This weekend, from March 21st-22nd the former department store “Kaufhaus Jandorf” will open its doors to Fashion Circus BERLIN – a fashion and design festival with runway shows, exhibitions, a large designer market, as well as delicious food provided by Bite Club. In its third installment, Live Networking Fashion & Art (LNFA) and Montagsmarkt, a platform for young designers, creatives and collectors, collaborate on Fashion Circus BERLIN. S2S spoke to Valeria Klapproth of Montagsmarkt, one of the initiators of this year’s event to get some insights on Fashion Circus.
S2S: How did the idea for Fashion Circus Berlin come to life and how does this event compare to the atmosphere at a circus?
Valeria Klapproth: Katja Weber of “Montagsmarkt” (with Vania Kukleta) and I met some time ago in Berlin. Together, we made the decision to transfer the market concept which originated in Switzerland where I am from, to Berlin. Some weeks ago LNFA approached us, asking if we were interested in organizing a designer market with them.
Simplicity is the ultimate form of sophistication, which is inherently found in the elegant minimalist style of WOMAN.MADE – a collection of hand-made jewelry created from raw materials. S2S talked to Stephanie Johne, the creator of WOMAN.MADE who calls the world of fashion, music, art and interior design her experimental playground.
S2S: Three years ago, in 2011, WOMAN.MADE was born. What was your initial inspiration for your project?
Stephanie Johne, WOMAN.MADE: I was just about to finish my studies in art history at the time, writing my thesis about Jean-Michel Basquiat who greatly inspired me. I knew that this was the beginning of a new era for me, and at the same time, it was like a breakup with my previous life. Since Basquiat accompanied me for such a long time, I kind of felt like I was about to lose a good old friend. I wanted to keep his spirit and all the ideas that popped up while reading about him alive. That was the moment when I decided to found WOMAN.MADE – dedicated to Basquiat’s former T-shirt brand with the name man.made. However, he was not well-known for this – actually, I remember this aspect was only briefly mentioned in his biography – but the name stuck and the idea to create my own label was born.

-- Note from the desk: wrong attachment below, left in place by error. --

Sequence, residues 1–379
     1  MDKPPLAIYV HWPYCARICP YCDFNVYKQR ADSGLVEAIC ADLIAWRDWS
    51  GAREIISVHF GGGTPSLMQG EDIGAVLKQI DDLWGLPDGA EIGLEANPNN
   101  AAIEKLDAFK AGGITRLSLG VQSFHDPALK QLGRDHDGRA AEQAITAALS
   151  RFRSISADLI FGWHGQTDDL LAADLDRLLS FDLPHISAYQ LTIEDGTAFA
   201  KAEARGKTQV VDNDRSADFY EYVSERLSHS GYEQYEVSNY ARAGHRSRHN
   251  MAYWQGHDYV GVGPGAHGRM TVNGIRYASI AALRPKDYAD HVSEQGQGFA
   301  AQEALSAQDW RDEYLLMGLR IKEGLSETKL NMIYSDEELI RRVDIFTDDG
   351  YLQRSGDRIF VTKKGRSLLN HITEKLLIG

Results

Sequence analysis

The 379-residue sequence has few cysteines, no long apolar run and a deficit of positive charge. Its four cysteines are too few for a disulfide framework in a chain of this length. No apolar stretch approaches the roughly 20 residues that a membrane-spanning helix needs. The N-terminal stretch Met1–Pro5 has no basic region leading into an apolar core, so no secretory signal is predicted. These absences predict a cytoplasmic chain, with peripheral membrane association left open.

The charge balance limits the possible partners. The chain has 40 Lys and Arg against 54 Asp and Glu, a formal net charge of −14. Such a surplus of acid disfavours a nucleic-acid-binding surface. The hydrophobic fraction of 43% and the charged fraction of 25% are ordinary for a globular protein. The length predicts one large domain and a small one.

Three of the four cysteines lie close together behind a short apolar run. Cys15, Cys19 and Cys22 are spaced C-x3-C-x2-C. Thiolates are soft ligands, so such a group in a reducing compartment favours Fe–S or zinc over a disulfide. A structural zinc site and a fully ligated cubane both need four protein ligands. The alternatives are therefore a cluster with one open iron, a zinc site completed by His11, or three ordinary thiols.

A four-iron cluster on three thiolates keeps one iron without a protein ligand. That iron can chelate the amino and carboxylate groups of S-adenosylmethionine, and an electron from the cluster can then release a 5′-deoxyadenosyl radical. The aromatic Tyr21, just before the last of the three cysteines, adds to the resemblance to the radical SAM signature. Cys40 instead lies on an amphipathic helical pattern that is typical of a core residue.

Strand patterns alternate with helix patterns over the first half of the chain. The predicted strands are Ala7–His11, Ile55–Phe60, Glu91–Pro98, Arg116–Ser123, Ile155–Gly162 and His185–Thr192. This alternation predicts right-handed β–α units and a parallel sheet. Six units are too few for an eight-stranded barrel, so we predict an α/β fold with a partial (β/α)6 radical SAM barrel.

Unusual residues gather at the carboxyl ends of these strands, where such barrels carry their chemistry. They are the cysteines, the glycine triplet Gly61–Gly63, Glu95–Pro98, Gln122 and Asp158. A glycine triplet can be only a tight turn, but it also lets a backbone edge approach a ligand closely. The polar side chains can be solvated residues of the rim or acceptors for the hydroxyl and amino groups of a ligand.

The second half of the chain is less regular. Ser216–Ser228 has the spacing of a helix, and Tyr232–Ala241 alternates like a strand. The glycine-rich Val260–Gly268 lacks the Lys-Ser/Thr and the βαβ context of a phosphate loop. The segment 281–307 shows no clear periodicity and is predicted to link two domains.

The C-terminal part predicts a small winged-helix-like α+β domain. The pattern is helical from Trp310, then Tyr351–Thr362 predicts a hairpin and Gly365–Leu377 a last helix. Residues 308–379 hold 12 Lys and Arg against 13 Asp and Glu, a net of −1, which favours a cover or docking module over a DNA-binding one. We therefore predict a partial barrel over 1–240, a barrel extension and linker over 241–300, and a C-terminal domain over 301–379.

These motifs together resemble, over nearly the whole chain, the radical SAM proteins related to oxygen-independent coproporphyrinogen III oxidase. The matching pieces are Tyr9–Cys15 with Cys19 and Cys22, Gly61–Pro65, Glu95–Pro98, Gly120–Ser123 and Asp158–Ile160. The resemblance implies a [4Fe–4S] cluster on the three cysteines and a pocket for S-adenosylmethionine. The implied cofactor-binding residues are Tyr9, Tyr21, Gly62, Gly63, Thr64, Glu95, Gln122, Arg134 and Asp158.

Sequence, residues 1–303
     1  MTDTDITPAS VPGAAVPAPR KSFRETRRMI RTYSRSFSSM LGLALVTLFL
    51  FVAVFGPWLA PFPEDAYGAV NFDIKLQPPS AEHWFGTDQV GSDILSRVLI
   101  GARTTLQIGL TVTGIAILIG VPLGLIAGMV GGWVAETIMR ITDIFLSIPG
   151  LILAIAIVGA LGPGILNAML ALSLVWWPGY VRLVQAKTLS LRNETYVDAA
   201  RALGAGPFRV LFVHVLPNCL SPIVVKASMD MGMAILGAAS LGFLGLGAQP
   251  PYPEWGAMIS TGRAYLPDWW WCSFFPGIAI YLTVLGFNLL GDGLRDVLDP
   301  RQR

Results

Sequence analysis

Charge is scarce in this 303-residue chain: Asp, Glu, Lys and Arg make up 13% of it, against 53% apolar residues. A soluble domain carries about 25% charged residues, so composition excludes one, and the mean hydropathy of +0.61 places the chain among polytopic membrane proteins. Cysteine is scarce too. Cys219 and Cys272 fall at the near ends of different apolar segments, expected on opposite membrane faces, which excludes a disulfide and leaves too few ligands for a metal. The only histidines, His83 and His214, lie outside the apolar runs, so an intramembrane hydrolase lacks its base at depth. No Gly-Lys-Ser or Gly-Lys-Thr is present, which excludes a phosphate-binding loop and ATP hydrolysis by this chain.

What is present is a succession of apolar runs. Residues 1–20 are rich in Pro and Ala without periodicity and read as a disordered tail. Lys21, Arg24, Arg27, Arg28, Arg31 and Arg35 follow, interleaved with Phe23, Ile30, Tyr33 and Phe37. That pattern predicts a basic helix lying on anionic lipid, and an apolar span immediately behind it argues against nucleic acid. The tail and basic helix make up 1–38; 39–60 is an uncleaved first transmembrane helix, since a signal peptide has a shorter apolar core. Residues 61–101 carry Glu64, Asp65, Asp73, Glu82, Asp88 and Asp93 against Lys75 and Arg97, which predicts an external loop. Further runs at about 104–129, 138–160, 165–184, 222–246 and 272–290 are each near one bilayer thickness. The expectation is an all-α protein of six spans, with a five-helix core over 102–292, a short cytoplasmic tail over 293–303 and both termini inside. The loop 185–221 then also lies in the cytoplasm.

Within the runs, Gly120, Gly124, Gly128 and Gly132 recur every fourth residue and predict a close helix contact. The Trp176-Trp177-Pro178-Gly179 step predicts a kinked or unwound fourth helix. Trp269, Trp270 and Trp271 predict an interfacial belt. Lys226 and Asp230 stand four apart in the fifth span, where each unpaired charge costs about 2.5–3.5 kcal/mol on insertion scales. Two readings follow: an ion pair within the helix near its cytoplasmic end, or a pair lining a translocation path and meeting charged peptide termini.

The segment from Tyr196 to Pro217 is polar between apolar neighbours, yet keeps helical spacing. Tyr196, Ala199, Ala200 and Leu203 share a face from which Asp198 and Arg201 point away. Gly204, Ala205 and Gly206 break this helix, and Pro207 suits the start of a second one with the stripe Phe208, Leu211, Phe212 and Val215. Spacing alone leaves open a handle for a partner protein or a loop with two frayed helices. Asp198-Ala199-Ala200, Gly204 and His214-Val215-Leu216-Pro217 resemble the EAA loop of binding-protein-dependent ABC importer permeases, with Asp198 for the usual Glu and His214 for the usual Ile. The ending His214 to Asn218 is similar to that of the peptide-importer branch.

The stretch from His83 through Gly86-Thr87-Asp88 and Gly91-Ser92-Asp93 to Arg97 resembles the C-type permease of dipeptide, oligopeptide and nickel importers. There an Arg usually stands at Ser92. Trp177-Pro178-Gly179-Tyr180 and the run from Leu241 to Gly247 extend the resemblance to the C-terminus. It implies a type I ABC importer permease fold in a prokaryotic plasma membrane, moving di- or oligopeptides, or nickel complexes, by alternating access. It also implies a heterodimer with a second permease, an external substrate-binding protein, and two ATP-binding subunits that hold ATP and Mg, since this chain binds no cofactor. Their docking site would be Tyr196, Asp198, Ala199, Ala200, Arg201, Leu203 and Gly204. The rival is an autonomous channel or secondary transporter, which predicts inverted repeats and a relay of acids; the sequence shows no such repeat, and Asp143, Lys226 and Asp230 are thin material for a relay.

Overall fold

New Yorkers are often envious of the spacious and relatively affordable apartments many people in Berlin can call their home. But not all of its inhabitants are fortunate enough to have a roof over their heads. Streets of Berlin is a video platform, which focuses on poverty and homelessness. The page was founded by Omid Mirnour, a 22 year old from Aachen who came to Berlin in April 2012 to study Media Management. Mirnour noticed very quickly that Berlin has a much higher density of homeless people than other cities. In fact, the prominence of people living on the street is so drastic that it seems to have a desensitizing effect on the rest of Berlin’s residents. Many Berliners easily overlook and ignore others in need. Mirnour wants to change that.
S2S: What is your personal motivation for Streets of Berlin?
Omid Mirnour: I started to ask myself with every encounter I had how this person was put into this situation? What has to happen so that you become homeless? Did every single person living in the street have to endure a stroke of fate? How do you live as a homeless person and what happens to you on an everyday basis? All these questions built the foundation for this project. So one day, I rented a camera and asked homeless people if they would be up to telling me something about their lives. The first stories that I heard startled and fascinated me so much that I wanted to hear more from the streets of Berlin. This is how the project slowly started coming to life.